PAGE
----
According to NatMed Clinic Director and Naturopath, Deborah Taylor, the most common cause of hypothyroidism in Australia is poor iodine intake.
‘The Australian National Health Measures Survey (NHMS), 2009, showed that 62% of pregnant women and 18.3% of women between 16 and 44 had low urinary iodine concentrations (UIC). (1)
Delayed diagnosis is common
It can be frustrating for people whose diagnosis is delayed or who are misdiagnosed. Many of the signs and symptoms of thyroid disease are common to other diseases, therefore blood tests are needed to confirm a diagnosis. It is alarming that a woman presenting to her GP with fatigue and weight gain can only access basic tests such as thyroid stimulating hormone (TSH). Medicare will not cover the deeper screening needed to uncover subclinical hypothyroidism or auto immune thyroid dysfunction.
Sub clinical thyroid dysfunction
Sub clinical thyroid dysfunction occurs prior to an abnormal TSH showing up on a routine thyroid health test. It causes the same symptoms of a fully blown thyroid problem but can be undiagnosed for many years because the TSH will look ‘normal’, thus the GP will often leave it and suggest the symptoms are due to lifestyle choices. This often leads to people presenting to us feeling frustrated with their health care, having visited several clinicians trying to address lingering symptoms that affect their quality of life.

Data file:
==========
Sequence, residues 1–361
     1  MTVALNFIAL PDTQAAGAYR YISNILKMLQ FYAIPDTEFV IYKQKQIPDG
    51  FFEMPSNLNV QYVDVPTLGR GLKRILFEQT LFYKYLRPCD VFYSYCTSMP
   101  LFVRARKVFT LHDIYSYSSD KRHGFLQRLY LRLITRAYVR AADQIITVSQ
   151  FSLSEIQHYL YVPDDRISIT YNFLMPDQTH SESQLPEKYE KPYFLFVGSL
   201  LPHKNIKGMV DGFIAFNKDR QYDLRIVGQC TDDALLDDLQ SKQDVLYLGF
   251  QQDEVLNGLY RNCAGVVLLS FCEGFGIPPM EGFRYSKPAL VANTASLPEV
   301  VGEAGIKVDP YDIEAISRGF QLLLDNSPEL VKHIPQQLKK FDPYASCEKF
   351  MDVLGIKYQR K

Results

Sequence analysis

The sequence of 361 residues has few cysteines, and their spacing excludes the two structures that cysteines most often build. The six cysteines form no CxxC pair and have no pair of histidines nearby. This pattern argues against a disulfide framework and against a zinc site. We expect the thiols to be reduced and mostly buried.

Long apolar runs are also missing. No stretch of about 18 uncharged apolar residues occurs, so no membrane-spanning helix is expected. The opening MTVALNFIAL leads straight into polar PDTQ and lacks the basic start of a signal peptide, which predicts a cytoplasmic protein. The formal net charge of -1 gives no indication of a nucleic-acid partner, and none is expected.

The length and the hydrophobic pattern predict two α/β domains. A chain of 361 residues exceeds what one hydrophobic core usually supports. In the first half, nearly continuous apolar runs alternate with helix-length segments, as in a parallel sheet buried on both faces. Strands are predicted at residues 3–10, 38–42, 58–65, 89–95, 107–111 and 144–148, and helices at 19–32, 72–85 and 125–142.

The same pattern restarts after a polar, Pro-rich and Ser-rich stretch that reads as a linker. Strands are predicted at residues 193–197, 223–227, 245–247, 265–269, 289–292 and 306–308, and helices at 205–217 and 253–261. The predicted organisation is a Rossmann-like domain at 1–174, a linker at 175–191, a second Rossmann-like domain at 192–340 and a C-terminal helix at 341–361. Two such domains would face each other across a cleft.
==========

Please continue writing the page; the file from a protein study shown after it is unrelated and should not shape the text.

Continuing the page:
Testing adequately is a priority
At NatMed we do several blood tests to screen for thyroid health and hundreds of women we’ve seen have tested with a normal TSH but are low in T3. T3 is the active thyroid hormone. Some have raised thyroid antibodies indicating an auto immune issue or Hashimotos. We can do a urinary iodine test to work out what dosage of iodine we need to supplement with, as iodine overdose can contribute to further thyroid issues. It’s a matter of doing a thorough exam and individual history to discern which tests are necessary. For example, in some cases an individual may have normal levels of all thyroid hormones but an excessive production of reverse T3 which will ‘switch off’ the active thyroid hormone. This occurs when there is inflammation in the system.
Treating thyroid disorders
It’s not a one-size-fits-all approach for people with an underactive thyroid. Supplementing with iodine and tyrosine (the T in T3) will often initiate a big change in energy and other patients need bio thyroid or T3. Some individuals require supplementation to ‘switch on’ or catalyse the conversion of T4 to T3. Hashimotos is more complex to treat, as it is an auto immune condition requiring extensive gut detoxification and healing.
At NatMed we use a multidisciplinary team and approach to ensure patients receive correct diagnosis and treatment plan.
(1) https://www.abs.gov.au/ausstats/[email protected]/Lookup/4364.0.55.006Chapter1202011-12
Symptoms of underactive thyroid may include:
- weight gain
- intolerance to cold
- joint pain
- painful periods
- dry and coarse skin and hair
- slow pulse
- swelling of the neck (called goitre).